The Defense Advanced Research Projects has whittled down the competition for its retrievable drone programme, Gremlins, to Dynetics Inc. and General Atomics Aeronautical Systems, the agency announced last week.

DARPA is working alongside the Air Force Research Laboratory on Gremlins, a programme that envisions swarming UAVs launched from a variety of aircraft before in-flight recovery by a Lockheed C-130. The agency recently completed phase 1 of the programme, which explored design concepts and matured recovery capabilities. Dynetics examined cost requirements during this phase, including a limited airframe design that allows for an expendable UAV, says Tim Keeter, Dynetics deputy programme manager and chief engineer for Gremlins. Phase 2 will include major ground test events, he adds.

Dynetics and General Atomics will work for 12 months on the second phase, which will develop critical technologies for the demonstration in phase 3, Keeter said in a 20 March interview. DARPA will downselect again for the third phase and one contractor will conduct a launch and recovery flight test with multiple UAVs by the end of 2019.

The Defense Department has hyped up Gremlins for the past two years as part of its third offset initiative, but the concept of recoverable air vehicles and unmanned systems is nothing new. The US Air Force attempted aerial recovery as far back as 1945 with the McDonnell XF-85 Goblin, a parasite fighter launched and recovered by a B-36 bomber. Unlike the unmanned Gremlins, a pilot was supposed to sit in the small, bulbous Goblin until it was released from the bomb bay to fight adversaries. During a 1948 flight test with a B-29, turbulent and dangerous air flow under the bomber foiled plans to capture the Goblin with a trapeze system.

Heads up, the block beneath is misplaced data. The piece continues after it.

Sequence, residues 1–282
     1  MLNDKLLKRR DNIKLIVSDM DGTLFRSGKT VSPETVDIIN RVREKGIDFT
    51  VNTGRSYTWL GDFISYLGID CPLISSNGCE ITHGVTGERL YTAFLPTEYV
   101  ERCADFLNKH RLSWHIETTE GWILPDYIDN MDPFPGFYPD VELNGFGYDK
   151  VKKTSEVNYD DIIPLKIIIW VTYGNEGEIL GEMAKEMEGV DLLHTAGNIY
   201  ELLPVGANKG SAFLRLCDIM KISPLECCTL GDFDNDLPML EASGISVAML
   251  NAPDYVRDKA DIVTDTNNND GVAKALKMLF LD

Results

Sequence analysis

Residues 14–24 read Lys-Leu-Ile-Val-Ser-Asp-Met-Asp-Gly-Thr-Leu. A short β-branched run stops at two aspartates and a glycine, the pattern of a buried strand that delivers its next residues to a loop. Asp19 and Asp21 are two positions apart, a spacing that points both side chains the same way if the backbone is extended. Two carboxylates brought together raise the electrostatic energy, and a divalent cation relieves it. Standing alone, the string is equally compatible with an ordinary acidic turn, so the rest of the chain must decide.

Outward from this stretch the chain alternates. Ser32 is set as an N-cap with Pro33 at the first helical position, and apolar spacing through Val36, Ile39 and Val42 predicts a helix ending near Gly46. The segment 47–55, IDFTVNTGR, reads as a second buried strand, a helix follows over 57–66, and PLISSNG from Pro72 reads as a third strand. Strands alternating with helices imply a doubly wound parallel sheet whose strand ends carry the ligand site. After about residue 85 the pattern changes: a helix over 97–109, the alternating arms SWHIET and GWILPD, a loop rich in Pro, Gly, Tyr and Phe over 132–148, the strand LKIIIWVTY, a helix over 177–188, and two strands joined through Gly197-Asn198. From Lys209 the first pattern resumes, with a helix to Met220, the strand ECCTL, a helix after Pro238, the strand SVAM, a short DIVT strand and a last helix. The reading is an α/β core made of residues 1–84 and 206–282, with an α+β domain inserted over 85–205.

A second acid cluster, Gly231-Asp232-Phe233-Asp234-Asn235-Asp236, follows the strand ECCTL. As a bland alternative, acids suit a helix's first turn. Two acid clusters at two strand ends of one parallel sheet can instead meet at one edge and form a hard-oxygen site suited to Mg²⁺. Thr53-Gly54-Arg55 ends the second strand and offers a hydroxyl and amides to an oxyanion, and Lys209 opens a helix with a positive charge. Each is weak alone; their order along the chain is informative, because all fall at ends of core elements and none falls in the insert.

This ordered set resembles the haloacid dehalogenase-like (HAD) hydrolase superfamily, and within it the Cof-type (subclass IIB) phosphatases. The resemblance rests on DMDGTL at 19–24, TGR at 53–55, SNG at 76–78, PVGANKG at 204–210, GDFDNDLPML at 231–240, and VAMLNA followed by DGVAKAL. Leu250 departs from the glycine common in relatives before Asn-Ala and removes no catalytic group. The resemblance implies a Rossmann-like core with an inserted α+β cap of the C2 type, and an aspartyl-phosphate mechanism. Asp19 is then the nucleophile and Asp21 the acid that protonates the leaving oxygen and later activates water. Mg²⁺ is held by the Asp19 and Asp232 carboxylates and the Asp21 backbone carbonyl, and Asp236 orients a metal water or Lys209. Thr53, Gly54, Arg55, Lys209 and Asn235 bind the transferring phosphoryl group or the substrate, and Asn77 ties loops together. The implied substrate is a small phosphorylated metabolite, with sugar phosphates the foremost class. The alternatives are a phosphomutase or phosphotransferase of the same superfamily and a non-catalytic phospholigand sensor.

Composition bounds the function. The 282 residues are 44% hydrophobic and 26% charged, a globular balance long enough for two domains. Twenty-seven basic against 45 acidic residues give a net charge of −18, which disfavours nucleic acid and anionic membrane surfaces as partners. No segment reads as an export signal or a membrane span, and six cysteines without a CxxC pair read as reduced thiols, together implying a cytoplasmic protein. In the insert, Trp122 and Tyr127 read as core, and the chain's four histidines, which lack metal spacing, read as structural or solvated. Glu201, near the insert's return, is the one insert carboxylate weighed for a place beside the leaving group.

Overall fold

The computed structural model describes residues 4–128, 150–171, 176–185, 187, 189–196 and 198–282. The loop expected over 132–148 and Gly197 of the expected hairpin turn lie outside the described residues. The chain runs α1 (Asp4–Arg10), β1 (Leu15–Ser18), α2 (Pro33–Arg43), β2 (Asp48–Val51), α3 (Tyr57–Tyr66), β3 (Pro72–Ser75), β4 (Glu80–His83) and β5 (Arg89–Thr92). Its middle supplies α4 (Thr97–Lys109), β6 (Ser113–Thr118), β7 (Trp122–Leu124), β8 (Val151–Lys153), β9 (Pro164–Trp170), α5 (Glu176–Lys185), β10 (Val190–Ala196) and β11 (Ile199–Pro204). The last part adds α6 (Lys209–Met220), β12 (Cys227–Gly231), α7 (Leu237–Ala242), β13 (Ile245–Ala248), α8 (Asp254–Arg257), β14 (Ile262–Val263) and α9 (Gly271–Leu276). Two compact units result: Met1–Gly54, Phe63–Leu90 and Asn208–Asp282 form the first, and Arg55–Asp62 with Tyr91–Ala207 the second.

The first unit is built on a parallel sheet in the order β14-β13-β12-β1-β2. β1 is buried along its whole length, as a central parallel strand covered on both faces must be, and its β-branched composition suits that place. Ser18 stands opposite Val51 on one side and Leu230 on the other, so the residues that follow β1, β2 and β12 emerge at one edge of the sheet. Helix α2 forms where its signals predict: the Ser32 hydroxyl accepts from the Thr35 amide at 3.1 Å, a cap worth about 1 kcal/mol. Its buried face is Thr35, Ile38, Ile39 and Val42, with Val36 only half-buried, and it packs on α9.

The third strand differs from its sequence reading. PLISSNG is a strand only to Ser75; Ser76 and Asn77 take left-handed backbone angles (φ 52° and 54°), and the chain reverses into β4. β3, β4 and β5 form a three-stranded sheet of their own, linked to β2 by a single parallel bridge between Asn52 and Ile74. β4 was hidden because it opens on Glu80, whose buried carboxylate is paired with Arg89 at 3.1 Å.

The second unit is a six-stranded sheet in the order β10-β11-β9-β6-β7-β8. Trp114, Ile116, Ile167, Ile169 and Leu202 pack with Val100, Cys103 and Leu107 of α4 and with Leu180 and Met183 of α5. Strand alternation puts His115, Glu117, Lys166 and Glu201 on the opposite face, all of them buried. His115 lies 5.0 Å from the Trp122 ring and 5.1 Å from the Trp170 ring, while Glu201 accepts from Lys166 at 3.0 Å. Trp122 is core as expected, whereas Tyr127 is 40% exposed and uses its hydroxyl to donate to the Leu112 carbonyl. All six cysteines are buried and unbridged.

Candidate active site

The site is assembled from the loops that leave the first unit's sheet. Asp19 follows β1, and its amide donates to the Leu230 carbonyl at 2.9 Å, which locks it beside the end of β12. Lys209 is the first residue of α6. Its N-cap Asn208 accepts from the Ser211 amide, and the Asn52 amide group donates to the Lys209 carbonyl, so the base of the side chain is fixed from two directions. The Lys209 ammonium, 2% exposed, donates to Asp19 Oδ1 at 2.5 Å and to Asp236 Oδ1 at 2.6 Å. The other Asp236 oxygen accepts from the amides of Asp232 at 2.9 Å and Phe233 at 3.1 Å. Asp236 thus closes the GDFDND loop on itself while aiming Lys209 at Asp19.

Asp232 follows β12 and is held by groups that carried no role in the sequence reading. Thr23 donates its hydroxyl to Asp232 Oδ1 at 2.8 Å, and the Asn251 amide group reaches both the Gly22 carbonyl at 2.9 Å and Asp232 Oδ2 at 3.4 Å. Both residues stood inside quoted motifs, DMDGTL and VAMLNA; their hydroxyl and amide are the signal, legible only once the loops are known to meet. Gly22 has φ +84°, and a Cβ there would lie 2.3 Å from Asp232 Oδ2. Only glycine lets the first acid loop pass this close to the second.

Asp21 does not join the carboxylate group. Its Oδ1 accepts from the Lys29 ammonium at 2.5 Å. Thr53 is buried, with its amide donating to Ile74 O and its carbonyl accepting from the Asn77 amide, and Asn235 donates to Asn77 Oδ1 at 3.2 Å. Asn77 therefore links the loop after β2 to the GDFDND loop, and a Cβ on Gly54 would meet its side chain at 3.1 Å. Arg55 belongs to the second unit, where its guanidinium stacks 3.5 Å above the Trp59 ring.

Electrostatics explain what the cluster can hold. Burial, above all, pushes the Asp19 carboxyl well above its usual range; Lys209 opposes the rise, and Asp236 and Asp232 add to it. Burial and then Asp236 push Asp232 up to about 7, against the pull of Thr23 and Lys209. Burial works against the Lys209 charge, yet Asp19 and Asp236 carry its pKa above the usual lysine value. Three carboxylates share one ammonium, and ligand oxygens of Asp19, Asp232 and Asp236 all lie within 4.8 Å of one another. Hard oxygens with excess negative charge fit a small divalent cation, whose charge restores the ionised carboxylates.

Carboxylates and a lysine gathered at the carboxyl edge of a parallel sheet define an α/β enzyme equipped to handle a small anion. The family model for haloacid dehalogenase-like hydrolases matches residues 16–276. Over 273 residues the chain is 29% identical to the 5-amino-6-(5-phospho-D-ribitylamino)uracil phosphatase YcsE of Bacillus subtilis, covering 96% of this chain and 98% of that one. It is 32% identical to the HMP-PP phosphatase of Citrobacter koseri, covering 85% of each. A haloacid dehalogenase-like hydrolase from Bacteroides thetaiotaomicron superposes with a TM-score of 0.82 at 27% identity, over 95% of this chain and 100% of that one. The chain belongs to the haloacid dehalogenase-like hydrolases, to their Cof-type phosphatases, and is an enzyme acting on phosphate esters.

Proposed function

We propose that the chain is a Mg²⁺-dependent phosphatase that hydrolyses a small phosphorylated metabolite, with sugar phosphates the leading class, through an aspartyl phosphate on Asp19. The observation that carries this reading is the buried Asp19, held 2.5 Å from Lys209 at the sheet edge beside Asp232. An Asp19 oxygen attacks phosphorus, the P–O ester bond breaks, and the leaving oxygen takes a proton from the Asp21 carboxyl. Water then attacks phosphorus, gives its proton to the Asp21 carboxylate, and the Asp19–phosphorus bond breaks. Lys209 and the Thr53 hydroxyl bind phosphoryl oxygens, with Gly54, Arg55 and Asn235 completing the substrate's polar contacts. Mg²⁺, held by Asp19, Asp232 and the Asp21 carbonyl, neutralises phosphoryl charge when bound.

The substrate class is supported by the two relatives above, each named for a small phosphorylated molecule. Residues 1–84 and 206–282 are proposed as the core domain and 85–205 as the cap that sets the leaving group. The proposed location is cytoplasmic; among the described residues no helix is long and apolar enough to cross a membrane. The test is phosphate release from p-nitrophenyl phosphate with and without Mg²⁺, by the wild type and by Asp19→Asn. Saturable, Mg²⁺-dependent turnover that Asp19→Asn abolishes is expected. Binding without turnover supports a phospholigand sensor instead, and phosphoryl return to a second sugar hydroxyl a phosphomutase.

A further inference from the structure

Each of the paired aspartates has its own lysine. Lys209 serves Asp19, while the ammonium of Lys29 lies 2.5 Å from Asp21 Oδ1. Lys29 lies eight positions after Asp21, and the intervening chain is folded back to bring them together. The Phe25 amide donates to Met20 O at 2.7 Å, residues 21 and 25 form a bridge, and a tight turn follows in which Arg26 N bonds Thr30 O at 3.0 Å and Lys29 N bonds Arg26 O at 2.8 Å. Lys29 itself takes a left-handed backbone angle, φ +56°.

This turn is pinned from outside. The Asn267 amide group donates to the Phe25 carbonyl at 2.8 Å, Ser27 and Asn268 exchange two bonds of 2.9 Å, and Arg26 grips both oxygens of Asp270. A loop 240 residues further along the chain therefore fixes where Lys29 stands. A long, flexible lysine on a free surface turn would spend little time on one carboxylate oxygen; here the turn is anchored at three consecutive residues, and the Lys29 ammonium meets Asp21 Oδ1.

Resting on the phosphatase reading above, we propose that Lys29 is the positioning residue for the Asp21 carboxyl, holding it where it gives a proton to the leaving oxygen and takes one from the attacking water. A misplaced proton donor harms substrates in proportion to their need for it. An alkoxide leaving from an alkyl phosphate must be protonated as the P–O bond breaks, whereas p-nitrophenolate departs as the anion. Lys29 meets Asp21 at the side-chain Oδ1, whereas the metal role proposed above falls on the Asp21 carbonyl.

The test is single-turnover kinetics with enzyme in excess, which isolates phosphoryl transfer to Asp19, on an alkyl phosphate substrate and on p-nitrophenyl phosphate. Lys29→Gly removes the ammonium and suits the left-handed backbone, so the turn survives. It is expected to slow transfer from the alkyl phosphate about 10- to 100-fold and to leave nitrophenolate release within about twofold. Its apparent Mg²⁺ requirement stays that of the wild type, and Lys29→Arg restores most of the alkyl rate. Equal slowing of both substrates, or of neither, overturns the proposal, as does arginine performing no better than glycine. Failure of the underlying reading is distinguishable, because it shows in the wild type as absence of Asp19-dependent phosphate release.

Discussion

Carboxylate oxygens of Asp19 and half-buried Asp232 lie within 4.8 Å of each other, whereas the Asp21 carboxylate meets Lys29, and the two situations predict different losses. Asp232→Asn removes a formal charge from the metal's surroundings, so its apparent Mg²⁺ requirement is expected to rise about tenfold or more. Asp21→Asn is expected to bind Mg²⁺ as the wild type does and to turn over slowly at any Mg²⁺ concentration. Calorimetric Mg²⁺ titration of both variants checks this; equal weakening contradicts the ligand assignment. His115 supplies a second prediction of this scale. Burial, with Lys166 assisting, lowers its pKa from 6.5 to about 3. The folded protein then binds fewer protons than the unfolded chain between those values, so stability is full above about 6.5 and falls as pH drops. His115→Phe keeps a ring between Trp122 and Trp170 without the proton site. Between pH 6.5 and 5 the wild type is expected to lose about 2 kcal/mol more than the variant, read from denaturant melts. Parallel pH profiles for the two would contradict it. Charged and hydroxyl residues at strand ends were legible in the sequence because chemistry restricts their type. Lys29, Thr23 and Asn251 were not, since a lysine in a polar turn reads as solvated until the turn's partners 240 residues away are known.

In the Vietnam era, the Defense Department tried its hand at recoverable drones with the high-speed Ryan Aeronautical BQM-34F Firebee target UAV. The air force would launch its BQM-34Fs from the ground or from a C-130. After performing its mission, the Firebee was often recovered with the mid-air retrieval system (MARS), in which a helicopter would snatch up the drone by its parachute. Still, the programme did not recover multiple UAVs in a short period of time.

Dynetics took lessons from previous retrienable UAVs, including the Goblin, Keeter says. Like Gremlin’s predecessors, aerial recovery in a turbulent environment remains a challenge. Dynetics must consider safety and potential interactions as the small UAVs come closer to the manned aircraft, he says.

“The key here is not only are we going to dock but you have to then safely retrieve that item into the back of a manned aircraft,” he says.